Russian scientists will construct equipment for a European Space Agency probe to Jupiter, the Moscow Institute of Physics and Technology said.
Along with observing the solar system's largest planet, the Jupiter Icy Moon Explorer is to visit three of the four Jovian moons discovered by Galileo: Callisto, Ganymede and Europa.
The spacecraft is planned to carry 11 scientific instruments, one of which will include a radiation detector built in Russia.
The detector would be the first Russian device to visit the outer solar system and will help scientists characterize wind patterns on Jupiter as well as analyze gases escaping from Europa.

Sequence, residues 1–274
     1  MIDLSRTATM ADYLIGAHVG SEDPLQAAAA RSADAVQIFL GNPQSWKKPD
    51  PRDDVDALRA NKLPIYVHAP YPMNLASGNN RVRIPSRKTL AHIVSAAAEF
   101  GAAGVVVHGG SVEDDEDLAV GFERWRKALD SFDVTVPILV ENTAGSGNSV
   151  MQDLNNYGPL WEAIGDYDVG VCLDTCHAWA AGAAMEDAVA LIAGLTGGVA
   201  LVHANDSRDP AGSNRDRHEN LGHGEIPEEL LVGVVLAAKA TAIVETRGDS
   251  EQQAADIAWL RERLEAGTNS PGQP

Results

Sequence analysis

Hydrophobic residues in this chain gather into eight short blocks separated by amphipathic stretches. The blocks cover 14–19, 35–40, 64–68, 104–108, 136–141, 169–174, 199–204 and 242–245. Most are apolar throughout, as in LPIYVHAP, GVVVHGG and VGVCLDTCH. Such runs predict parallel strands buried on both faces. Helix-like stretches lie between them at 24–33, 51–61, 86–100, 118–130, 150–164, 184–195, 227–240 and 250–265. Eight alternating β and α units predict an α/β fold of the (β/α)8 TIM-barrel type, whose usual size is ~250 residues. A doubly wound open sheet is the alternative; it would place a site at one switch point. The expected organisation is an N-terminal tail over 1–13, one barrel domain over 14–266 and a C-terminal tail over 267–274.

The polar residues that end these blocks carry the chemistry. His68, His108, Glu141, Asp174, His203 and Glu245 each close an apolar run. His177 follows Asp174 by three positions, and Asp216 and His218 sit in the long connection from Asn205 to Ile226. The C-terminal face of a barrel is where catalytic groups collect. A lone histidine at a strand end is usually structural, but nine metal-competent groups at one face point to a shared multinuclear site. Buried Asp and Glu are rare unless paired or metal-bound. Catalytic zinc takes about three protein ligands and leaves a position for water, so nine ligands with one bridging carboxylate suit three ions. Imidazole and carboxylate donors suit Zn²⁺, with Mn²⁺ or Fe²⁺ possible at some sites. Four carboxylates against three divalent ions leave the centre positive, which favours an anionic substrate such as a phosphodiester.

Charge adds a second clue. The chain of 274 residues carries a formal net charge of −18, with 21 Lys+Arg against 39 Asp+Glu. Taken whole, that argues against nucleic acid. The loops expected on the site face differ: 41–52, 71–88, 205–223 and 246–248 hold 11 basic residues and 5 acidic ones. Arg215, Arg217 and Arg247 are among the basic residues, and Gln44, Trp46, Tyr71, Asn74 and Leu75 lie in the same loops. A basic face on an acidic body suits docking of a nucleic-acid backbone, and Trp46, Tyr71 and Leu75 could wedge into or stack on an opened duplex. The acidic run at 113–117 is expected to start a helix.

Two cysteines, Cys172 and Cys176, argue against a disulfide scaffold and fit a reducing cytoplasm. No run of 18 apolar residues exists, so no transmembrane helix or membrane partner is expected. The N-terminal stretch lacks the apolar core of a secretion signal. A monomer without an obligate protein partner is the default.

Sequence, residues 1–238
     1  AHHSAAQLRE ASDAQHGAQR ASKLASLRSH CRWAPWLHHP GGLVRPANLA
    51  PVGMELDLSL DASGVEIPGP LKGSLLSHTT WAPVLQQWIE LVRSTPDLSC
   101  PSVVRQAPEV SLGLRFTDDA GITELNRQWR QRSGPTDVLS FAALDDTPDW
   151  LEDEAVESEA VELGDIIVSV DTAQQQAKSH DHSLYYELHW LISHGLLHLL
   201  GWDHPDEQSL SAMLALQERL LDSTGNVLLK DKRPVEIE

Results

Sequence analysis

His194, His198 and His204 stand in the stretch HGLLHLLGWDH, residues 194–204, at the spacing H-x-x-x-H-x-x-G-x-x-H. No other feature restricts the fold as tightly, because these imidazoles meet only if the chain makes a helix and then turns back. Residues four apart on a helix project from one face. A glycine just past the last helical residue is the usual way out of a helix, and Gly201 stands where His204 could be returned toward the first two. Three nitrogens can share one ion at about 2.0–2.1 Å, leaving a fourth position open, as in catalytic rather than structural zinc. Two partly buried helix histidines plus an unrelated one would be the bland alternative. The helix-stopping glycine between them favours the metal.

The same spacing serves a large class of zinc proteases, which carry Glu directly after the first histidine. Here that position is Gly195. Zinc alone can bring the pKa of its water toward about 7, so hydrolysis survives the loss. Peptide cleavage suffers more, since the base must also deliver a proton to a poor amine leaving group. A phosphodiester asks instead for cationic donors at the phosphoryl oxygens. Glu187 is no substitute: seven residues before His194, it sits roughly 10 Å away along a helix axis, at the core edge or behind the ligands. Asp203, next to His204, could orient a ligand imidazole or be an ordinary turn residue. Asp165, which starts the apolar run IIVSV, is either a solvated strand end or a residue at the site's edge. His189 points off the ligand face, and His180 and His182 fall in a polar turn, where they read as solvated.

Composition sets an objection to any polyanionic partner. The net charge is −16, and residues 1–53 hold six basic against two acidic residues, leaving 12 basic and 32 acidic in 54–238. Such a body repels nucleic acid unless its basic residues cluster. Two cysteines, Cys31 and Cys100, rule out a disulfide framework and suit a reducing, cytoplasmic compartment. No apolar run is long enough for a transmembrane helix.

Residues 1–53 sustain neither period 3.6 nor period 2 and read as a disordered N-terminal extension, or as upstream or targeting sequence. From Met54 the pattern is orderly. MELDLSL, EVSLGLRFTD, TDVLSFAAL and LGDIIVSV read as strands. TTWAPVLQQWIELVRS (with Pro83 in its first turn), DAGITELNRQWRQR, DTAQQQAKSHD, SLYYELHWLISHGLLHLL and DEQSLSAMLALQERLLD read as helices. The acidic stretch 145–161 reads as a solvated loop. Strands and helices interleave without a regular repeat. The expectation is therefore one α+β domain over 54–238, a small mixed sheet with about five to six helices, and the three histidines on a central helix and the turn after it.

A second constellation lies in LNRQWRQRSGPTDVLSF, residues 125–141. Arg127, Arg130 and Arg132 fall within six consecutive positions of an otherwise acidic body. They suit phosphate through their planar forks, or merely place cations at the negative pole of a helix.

According to the institute, the head of the Russian effort, Alexander Rodin, said Wednesday that German scientists approached their Russian counterparts to develop equipment necessary to detect and analyze tetrahertz-band radiation.
Such a detector would be sensitive enough to observe volatile compounds as they leak out of cracks in the ice covering Europa, possibly revealing details about the water oceans that most planetary scientists believe exist beneath the moon's surface.
In January, the head of the ESA told reporters that further cooperation with Russia could follow last year's agreement to jointly develop the ExoMars mission to search for signs of life on the Red Planet.
The mission would be the third in the history of spaceflight to orbit the solar system's largest planet and is scheduled for launch in 2022.
It will arrive at the gas giant after a voyage of eight years.